Mad Scientists

Edward Feser’s book review of The Grand Design in NR (subscription required) is a good one, and includes the tidiest philosophical summary of the “First Cause” argument I’ve ever read.

The English philosopher C.D. Broad once noted that “the non-sense written by philosophers on scientific maters is exceeded only by the nonsense written by scientists on philosophy.”  You might think that there cold be no better illustration of Broad’s dictum than Richard Dawkins’s unhappy forays into the philosophy of religion.  If so , you should take a look at the latest volume from Stephen Hawking and Leonard Mlodinow.

Feser does praise the authors for a “fairly lucid exposition of the central theories of modern physics” while wondering if  yet another popular account of relativity, quantum mechanics, and string theory was entirely necessary.  He then turns to their grander claims, concluding that they “don’t even rise to the level of simplistic summary”:

Before nemesis comes hubris, and in the case of Hawking and MLodinow, that means a basic failure to grasp the philosophical ideas they airily dismiss.  Like the village atheist whose knowledge of theology derives from what h e saw last Sunday on The Jimmy Swaggart Telecast, our authors assume that when philosophers have argued for God as the cause of the world, what they mean is that the universe had a beginning, that God caused the beginning, and that to rebut their position it suffices to ask “What caused God?”

But from Aristotle to Aquinas to Leibniz to the present day, most versions of the First Cause argument have not supposed that the universe had a beginning in time, and none of them is open to so simple a refutation.  Their claim is rather that even if the universe were infinitely old, it is still the sort of thing that might in principle not have existed at all.  That it does exist therefore requires explanation, and this explanation cannot lie in some other thing that might in principle have failed to exist, since that would just raise the same problem again.

Accordingly, the explanation can be found only in something that could not have failed to exist even in principle – something that not only does not have a cause, but couldn’t have had one, precisely because (unlike the universe) it couldn’t in theory have failed to exist in the first place In short, any contingent reality, like the universe, must depend upon a necessary being, and this necessary being is what defenders of the First Cause argument mean by “God.”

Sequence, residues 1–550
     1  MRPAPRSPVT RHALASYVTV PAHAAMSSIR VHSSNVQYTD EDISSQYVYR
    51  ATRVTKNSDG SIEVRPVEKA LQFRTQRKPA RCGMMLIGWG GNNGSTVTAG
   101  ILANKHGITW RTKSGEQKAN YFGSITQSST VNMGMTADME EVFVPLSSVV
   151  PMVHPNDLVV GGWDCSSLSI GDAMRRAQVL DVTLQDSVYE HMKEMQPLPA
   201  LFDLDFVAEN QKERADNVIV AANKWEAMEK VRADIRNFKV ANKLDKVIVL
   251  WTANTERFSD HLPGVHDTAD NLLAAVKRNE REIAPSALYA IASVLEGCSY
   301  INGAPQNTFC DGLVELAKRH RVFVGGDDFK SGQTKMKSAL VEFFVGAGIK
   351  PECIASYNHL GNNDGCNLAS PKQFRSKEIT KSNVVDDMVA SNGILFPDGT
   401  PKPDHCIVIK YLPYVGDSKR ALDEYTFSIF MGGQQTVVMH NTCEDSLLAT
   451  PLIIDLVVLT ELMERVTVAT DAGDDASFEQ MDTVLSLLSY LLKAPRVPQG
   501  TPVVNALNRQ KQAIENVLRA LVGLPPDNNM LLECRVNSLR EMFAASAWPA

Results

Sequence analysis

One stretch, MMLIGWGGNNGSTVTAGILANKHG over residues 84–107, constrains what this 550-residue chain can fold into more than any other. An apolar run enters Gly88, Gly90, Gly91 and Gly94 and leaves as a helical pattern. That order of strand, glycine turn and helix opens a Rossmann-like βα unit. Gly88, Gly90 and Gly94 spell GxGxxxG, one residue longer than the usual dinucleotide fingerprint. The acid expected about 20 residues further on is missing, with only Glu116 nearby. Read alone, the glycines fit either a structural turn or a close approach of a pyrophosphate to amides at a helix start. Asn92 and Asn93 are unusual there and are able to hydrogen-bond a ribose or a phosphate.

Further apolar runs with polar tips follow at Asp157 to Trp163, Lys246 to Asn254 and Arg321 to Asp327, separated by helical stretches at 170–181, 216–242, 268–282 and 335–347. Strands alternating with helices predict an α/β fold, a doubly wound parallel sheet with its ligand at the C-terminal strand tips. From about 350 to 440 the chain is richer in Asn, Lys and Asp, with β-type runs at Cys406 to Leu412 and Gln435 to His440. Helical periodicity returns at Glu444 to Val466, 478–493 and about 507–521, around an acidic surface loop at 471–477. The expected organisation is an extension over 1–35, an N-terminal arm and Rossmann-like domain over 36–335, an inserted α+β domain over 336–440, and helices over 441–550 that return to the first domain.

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3 Responses to Mad Scientists

  1. Ron Krumpos says:

    In “The Grand Design” Hawking says that we are somewhat like goldfish in a curved fishbowl. Our perceptions are limited and warped by the kind of lenses we see through, “the interpretive structure of our human brains.” Albert Einstein rejected this subjective approach, common to much of quantum mechanics, but did admit that our view of reality is distorted.

    Einstein’s Special Theory of Relativity has the surprising consequences that “the same event, when viewed from inertial systems in motion with respect to each other, will seem to occur at different times, bodies will measure out at different lengths, and clocks will run at different speeds.” Light does travel in a curve, due to the gravity of matter, thereby distorting views from each perspective in this Universe. Similarly, mystics’ experience in divine oneness, which might be considered the same “eternal” event, viewed from various historical, cultural and personal perspectives, have occurred with different frequencies, degrees of realization and durations. This might help to explain the diversity in the expressions or reports of that spiritual awareness. What is seen is the same; it is the “seeing” which differs.

    In some sciences, all existence is described as matter or energy. In some of mysticism, only consciousness exists. Dark matter is 25%, and dark energy about 70%, of the critical density of this Universe. Divine essence, also not visible, emanates and sustains universal matter (mass/energy: visible/dark) and cosmic consciousness (f(x) raised to its greatest power). During suprarational consciousness, and beyond, mystics share in that essence to varying extents. [quoted from on comparative mysticism]

  2. Ron Krumpos says:


    Sorry for the late response. Many religious people and most who are not religious think that mysticism is spam. One person’s trash is another one’s treasure (so they say).

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